In the late 16th century, Dutch growers used their advanced knowledge of plants for political purposes. Until that time, pretty much all carrots were purple with mutated versions occasionally popping up such as yellow and white carrots. Presumably crosses between Eastern carrots (purple), Western carrots (white, red) and wild carrots led to the formation of a novelty: the orange carrot. This variety was patriotically bred to match the colour of the Dutch Royal House of Orange, as a homage to Prince William of Orange, the founding father of the Netherlands.
The so-called Horn Carrot derives from the picturesque town of Hoorn (45 km north from Amsterdam), in the neighborhood of which it was presumably bred. The contemporary orange carrot wasn’t cultivated until the growers took mutant strains of the purple carrot and gradually developed them into the sweet orange variety we have today. A thousand years of yellow, white and purple carrot history was wiped out in a generation.
‘The color of sedition’
According to historian Simon Schama, in the late 18th century, the Dutch Patriot movement that revolted against the House of Orange saw the vegetable as an offensive tribute to the monarchy. After forcing the reigning descendent of William of Orange to leave the Hague, the Patriots declared that orange was “the color of sedition… carrots sold with their roots too conspicuously showing were deemed provocative,” Schama wrote in his book Patriots and Liberators’.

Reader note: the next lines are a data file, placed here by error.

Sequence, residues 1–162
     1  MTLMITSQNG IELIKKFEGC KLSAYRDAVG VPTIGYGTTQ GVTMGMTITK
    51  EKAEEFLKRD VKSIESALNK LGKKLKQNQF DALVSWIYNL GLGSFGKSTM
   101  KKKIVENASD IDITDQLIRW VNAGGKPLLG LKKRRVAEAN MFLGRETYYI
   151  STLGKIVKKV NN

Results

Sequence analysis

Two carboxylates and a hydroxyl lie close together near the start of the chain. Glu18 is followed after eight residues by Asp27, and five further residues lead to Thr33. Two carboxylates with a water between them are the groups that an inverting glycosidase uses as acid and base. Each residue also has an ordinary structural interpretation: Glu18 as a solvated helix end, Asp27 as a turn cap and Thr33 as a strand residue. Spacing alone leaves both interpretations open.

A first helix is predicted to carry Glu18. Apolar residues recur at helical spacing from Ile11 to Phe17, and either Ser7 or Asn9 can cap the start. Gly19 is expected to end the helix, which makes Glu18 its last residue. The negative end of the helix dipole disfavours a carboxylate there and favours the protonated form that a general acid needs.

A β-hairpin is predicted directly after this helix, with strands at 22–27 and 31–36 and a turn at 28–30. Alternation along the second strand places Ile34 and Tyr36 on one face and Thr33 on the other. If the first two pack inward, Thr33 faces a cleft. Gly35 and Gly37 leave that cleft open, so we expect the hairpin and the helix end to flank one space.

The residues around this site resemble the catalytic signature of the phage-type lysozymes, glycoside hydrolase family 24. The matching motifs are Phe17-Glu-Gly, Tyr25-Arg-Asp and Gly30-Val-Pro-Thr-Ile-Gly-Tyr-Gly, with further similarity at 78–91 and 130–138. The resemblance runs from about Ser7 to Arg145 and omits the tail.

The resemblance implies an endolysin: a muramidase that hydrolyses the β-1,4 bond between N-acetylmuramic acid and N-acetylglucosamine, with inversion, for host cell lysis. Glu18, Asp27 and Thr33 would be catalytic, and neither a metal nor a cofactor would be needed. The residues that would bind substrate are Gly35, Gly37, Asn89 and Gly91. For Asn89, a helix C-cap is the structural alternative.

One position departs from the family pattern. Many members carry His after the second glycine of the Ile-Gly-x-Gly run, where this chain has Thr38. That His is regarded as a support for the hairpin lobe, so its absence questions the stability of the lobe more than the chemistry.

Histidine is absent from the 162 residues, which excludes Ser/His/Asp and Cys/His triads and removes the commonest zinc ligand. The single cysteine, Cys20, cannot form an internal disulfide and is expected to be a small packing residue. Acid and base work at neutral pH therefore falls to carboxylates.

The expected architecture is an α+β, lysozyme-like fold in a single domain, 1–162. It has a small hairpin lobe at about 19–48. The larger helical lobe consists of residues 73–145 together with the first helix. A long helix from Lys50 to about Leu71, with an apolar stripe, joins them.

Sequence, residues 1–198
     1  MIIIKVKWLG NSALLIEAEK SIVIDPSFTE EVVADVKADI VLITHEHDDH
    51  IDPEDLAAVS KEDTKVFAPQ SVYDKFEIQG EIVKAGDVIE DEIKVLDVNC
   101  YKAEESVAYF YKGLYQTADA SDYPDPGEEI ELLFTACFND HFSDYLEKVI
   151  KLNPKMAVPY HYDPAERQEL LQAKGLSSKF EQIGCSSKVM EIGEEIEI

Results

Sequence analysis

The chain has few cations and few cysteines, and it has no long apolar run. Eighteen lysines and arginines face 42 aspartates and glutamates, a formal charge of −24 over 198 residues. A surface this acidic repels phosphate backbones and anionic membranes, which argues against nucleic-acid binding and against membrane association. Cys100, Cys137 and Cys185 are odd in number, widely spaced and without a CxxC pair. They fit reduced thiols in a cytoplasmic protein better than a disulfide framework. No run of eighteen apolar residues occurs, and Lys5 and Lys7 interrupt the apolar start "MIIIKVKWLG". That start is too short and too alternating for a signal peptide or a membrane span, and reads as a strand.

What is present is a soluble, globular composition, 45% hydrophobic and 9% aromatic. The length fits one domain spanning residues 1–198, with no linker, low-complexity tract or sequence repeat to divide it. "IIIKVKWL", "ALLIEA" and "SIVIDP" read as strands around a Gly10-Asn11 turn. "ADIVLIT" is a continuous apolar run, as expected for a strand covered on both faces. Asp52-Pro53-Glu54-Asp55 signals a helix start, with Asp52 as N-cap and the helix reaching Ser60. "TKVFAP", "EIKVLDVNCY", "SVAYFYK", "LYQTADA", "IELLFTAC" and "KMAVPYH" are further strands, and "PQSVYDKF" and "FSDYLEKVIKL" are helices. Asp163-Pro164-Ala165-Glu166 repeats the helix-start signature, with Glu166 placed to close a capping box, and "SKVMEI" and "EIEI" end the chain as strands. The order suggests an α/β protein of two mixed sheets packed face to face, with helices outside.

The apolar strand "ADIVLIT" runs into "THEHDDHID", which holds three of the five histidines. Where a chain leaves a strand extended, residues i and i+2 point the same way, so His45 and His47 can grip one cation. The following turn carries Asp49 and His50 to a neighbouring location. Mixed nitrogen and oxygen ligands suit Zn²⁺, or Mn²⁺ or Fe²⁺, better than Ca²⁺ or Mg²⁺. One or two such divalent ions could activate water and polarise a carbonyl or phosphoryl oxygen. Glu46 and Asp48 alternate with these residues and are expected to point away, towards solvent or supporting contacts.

There is a Carrot Museum and Carrot Club in Berlotte near Eynatten (Belgium), a tiny village of about 30 houses, a chapel and a Carrot Collection and Display. The extremely small Carrot Museum, founded in 1992, is housed inside the tower of a disused electricity sub-station. The carroty exhibits can only be viewed through a window. By turning a wheel outside, you can rotate the display. The tower has a carrot weather-vane, carrot clock and carrot light.
Berlotter Kirchweg, 4731 Eynatten (4 km from the German border)
Author Kingdom by the Sea,
A celebration of Dutch cultural heritage and architecture